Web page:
Hayley Scanlan


Hayley Scanlan won Young Designer of the Year at the 2012 Scottish Fashion Awards. Then she won it again in 2014. She was celebrated in an inaugural V&A show at the McManus Gallery. Vogue recently described her as “fast becoming Scotland’s coolest young designer – with an impressive fashion following to prove it”. With a client list that includes Marina Diamandis, Little Mix and Jessie J, Hayley is proving that you can run a world class fashion business from Dundee that caters to A-list celebs.

As one of the most successful and celebrated young designers working in Scotland today, we are delighted to welcome this DJCAD textile design graduate back to talk to Design Enterprise students on Friday 29 January. Hayley will be “in conversation” with us to explore and discuss creative entrepreneurship.


Lean Startup Meets Design Thinking

This is a one hour conversation between three blokes. But it’s a massively important and interesting one. Kaili Emmrich of Google for Entrepreneurs moderates a hangout featuring Eric Ries (who wrote the seminal startup ‘Bible’ The Lean Startup), Tim Brown (CEO of IDEO and one of the founders of the idea of design thinking), and Jake Knapp of Google Ventures who develops agile methods like design sprints to support startups.

So how does lean, agile and design thinking all fit together? Some great stuff here. Eric Ries opens up by defining entrepreneurship as “the management discipline that deals with the condition of uncertainty.” Tim Brown follows this by defining design thinking as: “through an understanding of people, to craft materials and processes, to create things that meets the needs of people”. The three stages – understanding, craft, creation – are indivisible.

Design and craft students will be familiar with Google’s design sprint methodology as we use this for out modules Change by Design and 21st Century Designer. The Google link above provides materials, resources and information that can be used to run your own Sprint.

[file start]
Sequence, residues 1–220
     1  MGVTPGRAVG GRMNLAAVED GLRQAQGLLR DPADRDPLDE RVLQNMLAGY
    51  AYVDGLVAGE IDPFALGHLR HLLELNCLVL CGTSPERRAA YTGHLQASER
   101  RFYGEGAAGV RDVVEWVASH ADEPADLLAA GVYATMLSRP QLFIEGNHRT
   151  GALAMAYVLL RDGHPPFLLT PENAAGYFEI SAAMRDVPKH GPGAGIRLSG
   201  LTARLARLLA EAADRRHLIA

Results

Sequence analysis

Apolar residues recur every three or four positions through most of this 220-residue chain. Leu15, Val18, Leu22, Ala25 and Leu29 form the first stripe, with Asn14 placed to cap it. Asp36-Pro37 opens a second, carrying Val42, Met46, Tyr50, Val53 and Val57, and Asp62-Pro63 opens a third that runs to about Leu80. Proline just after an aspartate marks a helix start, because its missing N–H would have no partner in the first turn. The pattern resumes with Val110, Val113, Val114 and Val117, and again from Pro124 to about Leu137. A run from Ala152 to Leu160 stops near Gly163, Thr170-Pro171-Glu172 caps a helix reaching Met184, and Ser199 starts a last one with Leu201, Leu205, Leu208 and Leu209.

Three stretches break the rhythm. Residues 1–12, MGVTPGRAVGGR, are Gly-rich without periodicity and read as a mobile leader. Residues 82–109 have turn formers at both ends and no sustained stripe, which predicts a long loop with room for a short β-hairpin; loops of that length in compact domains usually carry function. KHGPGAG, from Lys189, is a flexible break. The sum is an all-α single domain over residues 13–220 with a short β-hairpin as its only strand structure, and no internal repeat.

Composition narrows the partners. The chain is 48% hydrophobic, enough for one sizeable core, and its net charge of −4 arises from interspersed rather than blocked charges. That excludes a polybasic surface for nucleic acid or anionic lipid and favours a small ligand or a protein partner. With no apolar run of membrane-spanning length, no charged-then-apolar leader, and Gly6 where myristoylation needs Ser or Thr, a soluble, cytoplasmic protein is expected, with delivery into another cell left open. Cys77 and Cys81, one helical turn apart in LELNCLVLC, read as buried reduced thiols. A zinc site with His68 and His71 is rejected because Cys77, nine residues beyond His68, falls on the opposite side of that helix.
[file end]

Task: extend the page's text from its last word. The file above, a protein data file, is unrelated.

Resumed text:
Lean Startup is worth understanding. If you’ve not yet read the book, then this video summarises the key concept.

Online module support


I’ve put together a new playlist of online courses and case studies that you can access via Lynda.com

Design Enterprise 2015 is a playlist of short courses and case studies appropriate for the current stage of your studies. I recommend that you go through Entrepreneurship Fundamentals within the first part of this module. Small Business Secrets is worth dipping in and out of if you see specific issues that interest you, but to be honest some of the issues are not relevant. The case studies are all interesting – whether or not they are your specific field. You will of course need to log in using your University username and password.


How to conduct an interview

Interviewing people is a vital skill in design, in journalism and in research. If you blog (or aspire to) then interviewing is a fairly essential skill. The critical things to bear in mind are: do your homework first, enjoy it, ensure that your interviewee enjoys it too, record it appropriately, and make sense of it as soon as you can afterwards. So here’s some online advice and guidance.